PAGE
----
Christmas music has a long and storied history beginning centuries ago with pagan rituals. Those traditions evolved with St. Francis of Assisi’s Nativity plays in the 13th century, and survived Puritan rule when many Christmas traditions and celebrations were banned during part of the 17th century.

Traveling minstrels spread original songs before the invention of the printing press in 1440 ushered in an era of texts that served as the foundation for some of the most beloved Christmas songs. These tunes would be shared in the form of poetry and hymns printed on broadsides. Today, Christmas music runs the gamut from silly to revolutionary. Songs range from grandmothers getting trampled by reindeer to those based on the work of a Romantic-period poet. Who knew that the catchy tune of Wenceslas, the king with the funny name, is a reverent song about the patron saint of the Czech Republic? Or perhaps it would surprise readers to discover that “Silent Night” was designated as an item of Intangible Cultural Heritage by UNESCO.

These songs we know by heart and hear so often have rich histories rooted in things like war, religion, social reform, and slavery. Stacker compiled a list of Christmas songs released before 1920 and explored the origins of these pieces. This list includes Christmas carols, famous instrumentals, popular hymns, and spirituals from countries around the world. Many of these songs were created out of a chance collaboration between artists spanning time and space; a clergyman pens a hymn, and years later, a composer resurrects those words and sets them to a melody.

It may come as no surprise, then, that what people consider to be Christmas classics are among the most-covered Christmas songs of all time. “Silent Night,” for example, had 137,315 recordings according to a 2017 Billboard report.

  • ‘Jingle Bells’ (1885)

    Written by James Lord Pierpont in 1857 and originally titled “One Horse Open Sleigh,” “Jingle Bells” is one of the most beloved and ubiquitous Christmas carols in existence. In 1965, astronauts Wally Schirra and Thomas Stafford made “Jingle Bells,” the first song heard from space as they orbited Earth aboard the Gemini 6. It may be surprising that this Christmas classic was written as a Thanksgiving song.

  • ‘Here We Come A-wassailing’ (c. 1850)

    This traditional English Christmas carol refers to the practice of wassailing, the definition of which has evolved over the years. In the song, wassailing is the practice of traveling door-to-door, wishing good health, and asking for a bit of hospitality and Christmas tidings in return, including a drink from a communal bowl filled with mulled cider or ale called wassail. Other familiar variants of the song include “Here We Come A-Caroling,” and “Here We Come A Christmasing.”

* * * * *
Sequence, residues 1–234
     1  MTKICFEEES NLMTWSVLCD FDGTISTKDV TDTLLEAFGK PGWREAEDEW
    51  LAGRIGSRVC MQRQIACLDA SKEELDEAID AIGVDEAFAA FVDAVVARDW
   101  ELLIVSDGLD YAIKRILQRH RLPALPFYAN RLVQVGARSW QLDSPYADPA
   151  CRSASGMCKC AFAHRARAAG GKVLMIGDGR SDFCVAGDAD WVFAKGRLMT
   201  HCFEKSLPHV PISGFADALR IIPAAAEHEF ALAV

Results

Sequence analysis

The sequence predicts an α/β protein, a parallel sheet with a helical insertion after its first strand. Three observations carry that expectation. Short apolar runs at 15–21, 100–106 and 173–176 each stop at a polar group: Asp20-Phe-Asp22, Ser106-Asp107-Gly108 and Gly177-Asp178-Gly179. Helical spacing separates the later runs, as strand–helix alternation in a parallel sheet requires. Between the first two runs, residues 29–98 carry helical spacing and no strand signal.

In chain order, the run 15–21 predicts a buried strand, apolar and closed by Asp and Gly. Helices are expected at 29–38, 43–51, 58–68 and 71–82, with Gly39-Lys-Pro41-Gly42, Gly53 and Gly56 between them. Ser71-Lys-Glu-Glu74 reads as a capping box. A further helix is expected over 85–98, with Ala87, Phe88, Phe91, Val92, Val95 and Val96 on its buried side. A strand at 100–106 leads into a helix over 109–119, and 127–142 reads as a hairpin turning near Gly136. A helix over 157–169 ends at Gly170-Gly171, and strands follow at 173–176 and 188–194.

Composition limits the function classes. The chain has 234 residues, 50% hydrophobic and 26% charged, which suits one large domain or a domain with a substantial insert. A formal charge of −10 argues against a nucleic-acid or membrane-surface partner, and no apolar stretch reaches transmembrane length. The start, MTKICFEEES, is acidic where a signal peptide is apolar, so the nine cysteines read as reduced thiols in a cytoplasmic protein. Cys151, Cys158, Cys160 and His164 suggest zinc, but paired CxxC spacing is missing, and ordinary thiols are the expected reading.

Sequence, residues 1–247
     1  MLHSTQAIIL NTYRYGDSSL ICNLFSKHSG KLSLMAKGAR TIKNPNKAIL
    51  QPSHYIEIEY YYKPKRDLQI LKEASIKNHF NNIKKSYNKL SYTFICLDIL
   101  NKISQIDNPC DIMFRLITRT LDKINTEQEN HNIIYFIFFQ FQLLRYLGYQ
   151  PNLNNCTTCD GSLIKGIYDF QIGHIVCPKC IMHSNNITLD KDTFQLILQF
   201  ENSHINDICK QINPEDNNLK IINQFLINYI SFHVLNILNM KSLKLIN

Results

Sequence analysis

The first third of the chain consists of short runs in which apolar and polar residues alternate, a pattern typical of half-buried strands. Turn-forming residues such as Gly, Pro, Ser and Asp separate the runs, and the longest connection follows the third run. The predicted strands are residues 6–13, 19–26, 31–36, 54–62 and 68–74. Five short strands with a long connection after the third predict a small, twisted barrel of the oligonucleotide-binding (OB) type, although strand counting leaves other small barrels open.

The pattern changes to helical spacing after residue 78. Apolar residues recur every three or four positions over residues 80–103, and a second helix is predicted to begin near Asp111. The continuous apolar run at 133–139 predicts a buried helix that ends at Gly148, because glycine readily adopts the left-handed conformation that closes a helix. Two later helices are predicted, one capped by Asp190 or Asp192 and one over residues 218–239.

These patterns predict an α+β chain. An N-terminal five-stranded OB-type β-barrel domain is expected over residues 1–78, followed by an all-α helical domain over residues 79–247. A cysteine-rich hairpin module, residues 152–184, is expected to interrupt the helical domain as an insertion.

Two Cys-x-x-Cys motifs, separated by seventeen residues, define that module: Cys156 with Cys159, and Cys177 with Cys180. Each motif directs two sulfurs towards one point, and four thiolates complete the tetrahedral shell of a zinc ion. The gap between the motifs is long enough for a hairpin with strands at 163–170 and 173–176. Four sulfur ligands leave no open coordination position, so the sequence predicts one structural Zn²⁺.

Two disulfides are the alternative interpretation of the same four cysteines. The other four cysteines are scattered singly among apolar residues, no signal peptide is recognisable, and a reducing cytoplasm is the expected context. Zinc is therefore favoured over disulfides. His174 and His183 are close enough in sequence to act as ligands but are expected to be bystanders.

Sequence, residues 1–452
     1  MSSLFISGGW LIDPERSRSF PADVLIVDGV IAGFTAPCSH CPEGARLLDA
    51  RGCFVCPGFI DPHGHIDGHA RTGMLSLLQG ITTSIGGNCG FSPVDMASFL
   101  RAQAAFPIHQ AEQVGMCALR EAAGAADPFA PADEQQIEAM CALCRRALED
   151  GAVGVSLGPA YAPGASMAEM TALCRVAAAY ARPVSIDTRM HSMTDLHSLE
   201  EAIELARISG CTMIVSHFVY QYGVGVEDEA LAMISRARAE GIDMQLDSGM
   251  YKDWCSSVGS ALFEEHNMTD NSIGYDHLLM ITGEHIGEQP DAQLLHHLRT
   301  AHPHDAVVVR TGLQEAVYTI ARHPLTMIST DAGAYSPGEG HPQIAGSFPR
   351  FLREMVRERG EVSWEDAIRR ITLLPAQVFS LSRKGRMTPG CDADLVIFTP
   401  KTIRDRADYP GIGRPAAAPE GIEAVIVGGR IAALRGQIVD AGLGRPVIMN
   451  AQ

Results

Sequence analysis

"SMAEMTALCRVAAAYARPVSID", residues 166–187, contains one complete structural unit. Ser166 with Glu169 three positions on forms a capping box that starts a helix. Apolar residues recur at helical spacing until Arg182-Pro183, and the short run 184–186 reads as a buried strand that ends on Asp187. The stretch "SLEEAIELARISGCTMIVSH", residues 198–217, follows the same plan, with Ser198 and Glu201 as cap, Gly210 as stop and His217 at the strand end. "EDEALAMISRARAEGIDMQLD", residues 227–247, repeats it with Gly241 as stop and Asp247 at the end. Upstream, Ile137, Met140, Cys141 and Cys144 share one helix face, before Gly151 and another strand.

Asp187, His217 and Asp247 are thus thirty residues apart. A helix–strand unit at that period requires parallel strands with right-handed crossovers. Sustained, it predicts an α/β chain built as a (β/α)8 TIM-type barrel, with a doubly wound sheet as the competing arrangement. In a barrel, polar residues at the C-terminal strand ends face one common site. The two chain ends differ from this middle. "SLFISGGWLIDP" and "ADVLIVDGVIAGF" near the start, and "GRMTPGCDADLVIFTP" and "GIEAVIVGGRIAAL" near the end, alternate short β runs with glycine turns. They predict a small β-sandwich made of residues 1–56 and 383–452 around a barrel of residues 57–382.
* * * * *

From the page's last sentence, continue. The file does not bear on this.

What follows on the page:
Read on to learn about the rich histories of some of the most beloved Christmas songs that are more than a century old [ . . . ]

Continue at source: Classic Christmas songs that are more than 100 years old

God Rest Ye Merry Gentlemen

 

By Jon Wilks

“The merry time of Christmas is drawing on a-pace…”, and so I’m delighted to share with you this Birmingham-related recording of “God Rest Ye Merry Gentlemen” [Roud 394], taken from my forthcoming album, “Up The Cut”. You can listen to (and download) the track via my Bandcamp page now, and via various streaming platforms from December 1st.

Pre-save “God Rest Ye Merry Gentlemen” on Spotify by clicking here. You will be notified via the Spotify app when it becomes available.

I found this broadside version of the well-known carol on the Broadside Ballads website. Printed by D. Wrighton at 86 Snow Hill, Birmingham, sometime between 1812-30, it contains lyrics I don’t recognise from my school days. Throwing down Satan wasn’t a major part of Yuletide festivities in 1980s Solihull, as far as I recall.

Sure, it’s a bit cheesy to do a Christmas song, but I feel it’s something of a Midlands tradition. If Slade can do it, then I’ll have a bash, too. This one’s for Noddy. Oi, oi!

Huge thanks to Andi Lee of Kosi Studios, who has helped me to mix and master this track, and the remainder of the tracks on “Up The Cut”. It’s hard to listen to your own music even once, let alone a hundred times over, so I’m very grateful to Andi for his help (and to Tom Moore for his help in demoing the track to begin with). Thanks also to Jon Nice for the lovely linocut cover.

Here’s to having as peaceful and restful a Christmas as 2020 will allow. Good tidings of the season to each and every one of you.

God Rest Ye Merry Gentlemen – Lyrics

God rest ye merry gentlemen
Let nothing you dismay
Remember Christ our saviour
Was born on Christmas Day
To save our souls from Satan’s thrall
Which long have gone astray
This brings tidings of comfort and joy

 

Continue reading